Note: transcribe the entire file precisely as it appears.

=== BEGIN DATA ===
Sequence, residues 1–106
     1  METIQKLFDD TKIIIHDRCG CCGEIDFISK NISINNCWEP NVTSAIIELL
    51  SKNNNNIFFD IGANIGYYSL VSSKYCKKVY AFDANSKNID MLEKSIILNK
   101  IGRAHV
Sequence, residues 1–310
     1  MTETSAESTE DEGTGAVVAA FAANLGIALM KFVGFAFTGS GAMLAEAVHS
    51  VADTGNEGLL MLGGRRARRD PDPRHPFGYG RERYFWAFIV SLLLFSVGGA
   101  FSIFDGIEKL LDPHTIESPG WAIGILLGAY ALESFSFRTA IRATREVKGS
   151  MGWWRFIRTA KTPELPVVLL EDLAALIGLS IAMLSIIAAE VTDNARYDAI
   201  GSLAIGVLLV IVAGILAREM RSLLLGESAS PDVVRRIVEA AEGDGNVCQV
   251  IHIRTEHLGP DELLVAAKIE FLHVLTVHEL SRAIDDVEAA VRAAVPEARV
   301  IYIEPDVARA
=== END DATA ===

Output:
Sequence, residues 1–106
     1  METIQKLFDD TKIIIHDRCG CCGEIDFISK NISINNCWEP NVTSAIIELL
    51  SKNNNNIFFD IGANIGYYSL VSSKYCKKVY AFDANSKNID MLEKSIILNK
   101  IGRAHV
Sequence, residues 1–310
     1  MTETSAESTE DEGTGAVVAA FAANLGIALM KFVGFAFTGS GAMLAEAVHS
    51  VADTGNEGLL MLGGRRARRD PDPRHPFGYG RERYFWAFIV SLLLFSVGGA
   101  FSIFDGIEKL LDPHTIESPG WAIGILLGAY ALESFSFRTA IRATREVKGS
   151  MGWWRFIRTA KTPELPVVLL EDLAALIGLS IAMLSIIAAE VTDNARYDAI
   201  GSLAIGVLLV IVAGILAREM RSLLLGESAS PDVVRRIVEA AEGDGNVCQV
   251  IHIRTEHLGP DELLVAAKIE FLHVLTVHEL SRAIDDVEAA VRAAVPEARV
   301  IYIEPDVARA